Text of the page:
Remakes, also commonly known as cover songs, go all the way back to the earliest days of popular music and have stretched across myriad musical genres.

Songs written and recorded by country legend Hank Williams, for instance, have been covered by Tony Bennett, Beck and Bob Dylan, to name just a very few. Plus, the White Stripes, Miley CyrusEllie Goulding and many others have churned out covers of Dolly Parton's "Jolene." And, just like artists like to cover great country songs, country singers like to cover their peers' hits every once in a while.

From the most glaringly obvious to the entirely unexpected, The Boot counts down 10 of our favorite more recent cover songs in country music.

  • 10

    "If I Were a Boy"

    Reba McEntire

    Originally by Beyonce

    McEntire's tackled everything from Bobbie Gentry ("Fancy") to the Everly Brothers ("Cathy's Clown"), but it takes some guts and confidence to stare down a huge pop tune by Queen Bey and knock it out of the park. Boy or not, we'd kick it with you any time, Reba.

  • 9

    "Little Sister"

    Dwight Yoakam

    Originally by Elvis Presley

    The King only had a few gazillion hits, so there are Presley cover tunes a-plenty. Still, it's tough to beat the rumble of this high-octane rocker with tasty guitar licks courtesy of Pete Anderson and a few well-placed hoots and hollers (courtesy of Yoakam's painted-on jeans?).

  • 8

    "Rose Garden"

    Martina McBride

    Originally by Lynn Anderson

    It's tough to pick a favorite track from McBride's Timeless album. It is, after all, loaded with country classics delivered by one of the genre's most powerfully expressive voices. But, like her most memorable performances, this one opens up to reveal a thing of rare beauty.

  • 7

    "Life Is a Highway"

    Rascal Flatts

    Originally by Tom Cochrane

    The Flatts' turbo-charged version of this already ubiquitous pop smash became a pop and country hit all its own thanks to a little Disney movie called Cars. The song had also been covered by Chris LeDoux, but it's the trio's rendition of this road-trip favorite that never seems to run out of gas.

  • 6

    "Landslide"

    Dixie Chicks

    Originally by Fleetwood Mac

    "Landslide" was written by Stevie Nicks while coping with a number of personal and professional issues, and the Chicks' version, which showcases their shimmering harmonies, was released not long before the trio faced a landslide of their own. It still packs an emotional wallop worthy of any natural disaster.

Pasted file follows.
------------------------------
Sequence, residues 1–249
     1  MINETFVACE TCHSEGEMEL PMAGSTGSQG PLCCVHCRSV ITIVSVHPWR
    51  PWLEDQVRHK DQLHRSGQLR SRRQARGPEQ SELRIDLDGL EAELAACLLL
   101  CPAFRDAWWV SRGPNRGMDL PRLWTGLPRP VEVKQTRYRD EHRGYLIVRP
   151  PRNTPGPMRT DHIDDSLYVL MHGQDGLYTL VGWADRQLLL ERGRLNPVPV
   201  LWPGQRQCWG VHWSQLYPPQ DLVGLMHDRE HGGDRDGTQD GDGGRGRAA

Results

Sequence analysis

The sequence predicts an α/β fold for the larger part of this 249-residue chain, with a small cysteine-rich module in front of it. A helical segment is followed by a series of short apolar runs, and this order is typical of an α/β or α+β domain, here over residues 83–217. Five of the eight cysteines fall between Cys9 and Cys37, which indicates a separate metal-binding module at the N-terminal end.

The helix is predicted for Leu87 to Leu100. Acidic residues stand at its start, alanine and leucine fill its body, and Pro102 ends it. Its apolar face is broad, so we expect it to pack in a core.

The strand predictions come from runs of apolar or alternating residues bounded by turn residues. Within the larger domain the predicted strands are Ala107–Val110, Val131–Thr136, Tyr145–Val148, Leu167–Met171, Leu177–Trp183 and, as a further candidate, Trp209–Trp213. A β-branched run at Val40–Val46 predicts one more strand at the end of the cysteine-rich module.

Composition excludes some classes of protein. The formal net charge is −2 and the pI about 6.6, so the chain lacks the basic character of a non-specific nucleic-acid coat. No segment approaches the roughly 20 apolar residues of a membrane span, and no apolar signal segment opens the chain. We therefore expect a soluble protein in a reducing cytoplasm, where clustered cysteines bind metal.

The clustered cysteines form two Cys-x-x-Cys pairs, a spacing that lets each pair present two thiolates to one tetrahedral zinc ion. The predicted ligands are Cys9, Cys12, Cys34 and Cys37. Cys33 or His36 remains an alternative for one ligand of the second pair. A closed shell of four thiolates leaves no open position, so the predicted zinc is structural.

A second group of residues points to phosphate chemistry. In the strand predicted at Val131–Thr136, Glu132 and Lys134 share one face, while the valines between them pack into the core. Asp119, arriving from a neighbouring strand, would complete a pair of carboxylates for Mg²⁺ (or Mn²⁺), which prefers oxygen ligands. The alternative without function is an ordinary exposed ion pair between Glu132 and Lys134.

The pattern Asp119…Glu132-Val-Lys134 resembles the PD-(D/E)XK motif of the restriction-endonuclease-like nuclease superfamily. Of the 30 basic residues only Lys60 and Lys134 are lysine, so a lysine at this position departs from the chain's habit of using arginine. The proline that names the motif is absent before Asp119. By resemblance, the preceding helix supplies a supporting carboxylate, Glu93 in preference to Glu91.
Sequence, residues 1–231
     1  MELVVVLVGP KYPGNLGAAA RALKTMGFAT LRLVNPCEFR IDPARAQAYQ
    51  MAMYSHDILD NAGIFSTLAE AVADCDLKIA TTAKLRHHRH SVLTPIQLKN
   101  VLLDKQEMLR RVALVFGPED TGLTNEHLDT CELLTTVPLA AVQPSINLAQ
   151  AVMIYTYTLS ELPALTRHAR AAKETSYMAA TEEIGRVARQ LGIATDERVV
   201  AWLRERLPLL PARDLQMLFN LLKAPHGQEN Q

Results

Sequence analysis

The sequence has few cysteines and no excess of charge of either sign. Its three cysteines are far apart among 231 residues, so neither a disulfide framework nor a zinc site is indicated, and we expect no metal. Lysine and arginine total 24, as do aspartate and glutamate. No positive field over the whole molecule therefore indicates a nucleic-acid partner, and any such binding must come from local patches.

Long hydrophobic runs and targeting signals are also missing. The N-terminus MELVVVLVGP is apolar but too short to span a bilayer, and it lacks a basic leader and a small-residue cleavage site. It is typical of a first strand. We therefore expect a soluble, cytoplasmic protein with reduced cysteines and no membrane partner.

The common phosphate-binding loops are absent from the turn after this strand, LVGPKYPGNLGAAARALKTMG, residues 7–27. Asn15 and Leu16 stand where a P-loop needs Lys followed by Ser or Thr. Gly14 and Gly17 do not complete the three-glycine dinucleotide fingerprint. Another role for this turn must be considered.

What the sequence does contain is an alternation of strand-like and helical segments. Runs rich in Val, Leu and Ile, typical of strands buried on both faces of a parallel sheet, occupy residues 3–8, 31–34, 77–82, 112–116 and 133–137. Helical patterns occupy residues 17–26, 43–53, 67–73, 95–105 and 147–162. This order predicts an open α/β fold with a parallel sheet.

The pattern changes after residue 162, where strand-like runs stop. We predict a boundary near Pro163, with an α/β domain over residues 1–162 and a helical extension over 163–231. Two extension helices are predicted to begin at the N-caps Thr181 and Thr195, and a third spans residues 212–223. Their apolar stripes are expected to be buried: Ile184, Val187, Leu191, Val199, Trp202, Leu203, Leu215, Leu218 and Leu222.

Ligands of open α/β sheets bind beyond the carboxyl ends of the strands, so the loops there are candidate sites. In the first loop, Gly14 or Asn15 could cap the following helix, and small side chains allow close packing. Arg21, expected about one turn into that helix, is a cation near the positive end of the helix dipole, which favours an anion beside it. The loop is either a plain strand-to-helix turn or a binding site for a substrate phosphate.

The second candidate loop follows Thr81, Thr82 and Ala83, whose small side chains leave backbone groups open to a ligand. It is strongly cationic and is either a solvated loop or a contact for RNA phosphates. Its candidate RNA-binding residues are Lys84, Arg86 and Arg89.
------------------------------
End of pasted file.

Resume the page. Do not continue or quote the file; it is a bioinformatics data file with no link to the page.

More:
• 5

    "Pop a Top"

    Alan Jackson

    Originally by Jim Ed Brown

    A natural to kick off the release of Jackson's outstanding covers album, cleverly titled Under the Influence, this tune's a bouncy one, but the tale of "a row of fools on a row of stools" should come with a "Drink -- and Listen -- Responsibly" warning label.

  • 4

    "Shine"

    Dolly Parton

    Originally by Collective Soul

    The number (and scope) of tunes that Parton has covered is impressive. But what she does here, aided by the members of Nickel Creek, is nothing short of miraculous, turning an alt-rock anthem into a Grammy-winning bluegrass gospel masterpiece.

  • 3

    "My Maria"

    Brooks & Dunn

    Originally by B.W. Stevenson

    A Top 10 pop hit for Texas-born singer-songwriter Stevenson (who died in 1988), this country-tinged AM radio favorite was a natural two decades later for Ronnie Dunn's heart-melting falsetto. Listen just once and see if your soul isn't "set free like a ship sailing out to sea."

  • 2

    "When You Say Nothing at All"

    Alison Krauss

    Originally by Keith Whitley

    The song that made Whitley a legend also turned a young bluegrass phenom (Krauss) into a country superstar. His version became his second of five No. 1 songs, and hers earned a CMA Award for Single of the Year. Both are stunningly beautiful and unforgettable.

  • 1

    "Hurt"

    Johnny Cash

    Originally by Nine Inch Nails

    Written by industrial rocker Trent Reznor of Nine Inch Nails, the Man in Black's version of this tune came so near the end of his illustrious career -- and admittedly complicated life -- that it's difficult not to be stung by its disarming honesty.